Journal Article

A Study of a Multiple-link Continuously Variable Valve Event and Lift (VVEL) System

2008-06-23
2008-01-1719
A new variable valve event and lift (VVEL) system has been developed by applying a multiple-link mechanism. This VVEL system can continuously vary the valve event angle and lift over a wide range from an exceptional small event angle and small lift and to a large event angle and large lift. This capability offers the potential to improve fuel economy, power output, emissions and other parameters of engine performance. The valve lift characteristics obtained with the VVEL system consist of a synthesis of the oscillatory motion characteristics of the multiple-link mechanism and the oscillating cam profile. With the multiple-link mechanism, the angular velocity of the oscillating cams varies during valve lift, but the valve lift characteristics incorporate both gentle ramp sections and sharp lift sections, the same as a conventional engine.
Technical Paper

A Study of Friction Characteristics of Continuously Variable Valve Event & Lift (VEL) System

2006-04-03
2006-01-0222
A continuously variable valve event and lift (VEL) system, actuated by oscillating cams, can provide optimum lift and event angles matching the engine operating conditions, thereby improving fuel economy, exhaust emission performance and power output. The VEL system allows small lift and event angles even in the engine operating region where the required intake air volume is small and the influence of valvetrain friction is substantial, such as during idling. Therefore, the system can reduce friction to lower levels than conventional valvetrains, which works to improve fuel economy. On the other hand, a distinct feature of oscillating cams is that their sliding velocity is zero at the time of peak lift, which differs from the behavior of conventional rotating cams. For that reason, it is assumed that the friction and lubrication characteristics of oscillating cams may differ from those of conventional cams.
Journal Article

Virtual Engine System Prototyping with High-Resolution FFT for Digital Knock Detection Using CPU Model-Based Hardware/Software Co-simulation

2009-04-20
2009-01-0532
We have developed a full virtual engine system prototyping platform with 4-cylinder engine plant model, SH-2A CPU hardware model, and object code level software including OSEK OS. The virtual engine system prototyping platform can run simulation of an engine control system and digital knock detection system including 64-pt FFT computations that provide required high-resolution DSP capability for detection and control. To help the system design, debugging, and evaluation, the virtual system prototyping consists of behavior analyzer which can provide the visualization of useful CPU internal information for control algorithm tuning, RTOS optimization, and CPU architecture development. Thus the co-simulation enables time and cost saving at validation stage as validation can be performed at the design stage before production of actual components.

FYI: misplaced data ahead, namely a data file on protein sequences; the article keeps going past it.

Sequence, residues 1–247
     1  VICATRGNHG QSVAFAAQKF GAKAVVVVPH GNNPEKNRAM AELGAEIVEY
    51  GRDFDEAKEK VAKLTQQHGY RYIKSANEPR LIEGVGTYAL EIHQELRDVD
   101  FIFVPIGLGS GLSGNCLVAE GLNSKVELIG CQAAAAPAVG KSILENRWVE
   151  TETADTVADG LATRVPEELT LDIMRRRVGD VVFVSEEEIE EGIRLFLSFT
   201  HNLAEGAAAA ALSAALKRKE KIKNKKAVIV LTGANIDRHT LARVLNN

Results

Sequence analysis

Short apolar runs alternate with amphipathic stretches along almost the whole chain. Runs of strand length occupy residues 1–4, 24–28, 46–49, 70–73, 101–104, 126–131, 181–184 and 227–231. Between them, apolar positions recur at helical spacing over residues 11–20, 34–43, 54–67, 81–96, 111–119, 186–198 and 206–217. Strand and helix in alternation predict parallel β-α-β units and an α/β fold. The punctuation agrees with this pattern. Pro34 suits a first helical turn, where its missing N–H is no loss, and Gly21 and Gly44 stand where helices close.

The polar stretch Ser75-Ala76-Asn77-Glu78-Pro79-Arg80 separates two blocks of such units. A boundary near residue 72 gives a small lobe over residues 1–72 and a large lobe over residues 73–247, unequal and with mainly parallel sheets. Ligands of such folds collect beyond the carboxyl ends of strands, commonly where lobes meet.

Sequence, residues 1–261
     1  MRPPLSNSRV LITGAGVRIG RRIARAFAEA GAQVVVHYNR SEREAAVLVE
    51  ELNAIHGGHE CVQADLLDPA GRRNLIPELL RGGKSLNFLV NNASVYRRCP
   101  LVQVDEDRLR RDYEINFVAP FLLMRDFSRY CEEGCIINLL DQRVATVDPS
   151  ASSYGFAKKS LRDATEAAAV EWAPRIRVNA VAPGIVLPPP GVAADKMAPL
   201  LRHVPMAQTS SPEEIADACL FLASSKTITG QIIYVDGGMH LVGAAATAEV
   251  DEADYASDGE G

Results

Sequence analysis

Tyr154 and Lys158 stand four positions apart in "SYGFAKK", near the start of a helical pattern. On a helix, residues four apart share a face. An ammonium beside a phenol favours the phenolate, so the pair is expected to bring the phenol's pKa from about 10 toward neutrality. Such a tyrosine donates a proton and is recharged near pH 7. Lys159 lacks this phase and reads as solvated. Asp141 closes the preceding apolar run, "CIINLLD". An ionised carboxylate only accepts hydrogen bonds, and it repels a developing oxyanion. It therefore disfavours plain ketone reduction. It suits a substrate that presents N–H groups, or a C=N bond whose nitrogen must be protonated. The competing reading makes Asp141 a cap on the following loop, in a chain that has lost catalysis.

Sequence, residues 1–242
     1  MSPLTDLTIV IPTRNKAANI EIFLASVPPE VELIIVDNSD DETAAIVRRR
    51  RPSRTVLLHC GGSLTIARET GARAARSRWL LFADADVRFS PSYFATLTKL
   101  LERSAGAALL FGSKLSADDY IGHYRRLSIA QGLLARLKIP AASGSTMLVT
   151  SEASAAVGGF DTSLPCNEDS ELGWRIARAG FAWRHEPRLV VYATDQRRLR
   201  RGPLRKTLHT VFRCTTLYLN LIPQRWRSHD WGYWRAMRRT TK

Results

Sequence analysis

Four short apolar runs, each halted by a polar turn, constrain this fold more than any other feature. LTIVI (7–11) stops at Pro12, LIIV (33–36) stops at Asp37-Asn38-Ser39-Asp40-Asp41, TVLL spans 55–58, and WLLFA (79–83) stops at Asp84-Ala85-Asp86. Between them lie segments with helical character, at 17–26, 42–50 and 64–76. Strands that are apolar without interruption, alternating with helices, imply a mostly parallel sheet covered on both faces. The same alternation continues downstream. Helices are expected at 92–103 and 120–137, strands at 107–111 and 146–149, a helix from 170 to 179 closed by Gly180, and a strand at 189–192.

Technical Paper

An Air-Fuel Ratio and Ignition Timing Retard Control Using a Crank Angle Sensor for Reducing Cold Start HC

2009-04-20
2009-01-0588
Emission regulations continue to be strengthened, and it is important to decrease cold start hydrocarbon concentrations in order to meet them, now and in the future. The HC concentration in engine exhaust gas is reduced by controlling the air-fuel ratio to the low HC range and retarding the ignition timing as much as possible until the engine stability reaches a certain deterioration level. Conventionally however, the target air-fuel ratio has been set at a richer range than the low HC range and the target ignition timing has been more advanced than the engine stability limit, in order to stabilize the engine for various disturbances. As a result, the HC concentration has not been minimized. To solve this problem, a new engine control has been developed. This control uses a crank angle sensor to simultaneously control the air-fuel ratio and the ignition timing so that the HC concentration can be minimized.
Technical Paper

Numerical Study of Internal Combustion Engine using OpenFOAM®

2016-04-05
2016-01-1346
We developed the numerical simulation tool by using OpenFOAM® and in-house simulation codes for Gasoline Direct Injection (GDI) engine in order to carry out the precise investigation of the throughout process from the internal nozzle flow to the fuel/air mixture in engines. For the piston/valve motions, a mapping approach is employed and implemented in this study. In the meantime, the spray atomization including the liquid-columnbreakup region and the secondary-breakup region are simulated by combining the different numerical approaches applied to each region. By connecting the result of liquid-column-breakup simulation to the secondary-breakup simulation, the regions which have different physical phenomena with different length scales are seamlessly jointed; i.e., the velocity and position of droplets predicted by the liquid-column-breakup simulation is used in the secondary breakup simulation so that the initial velocity and position of droplets are transferred.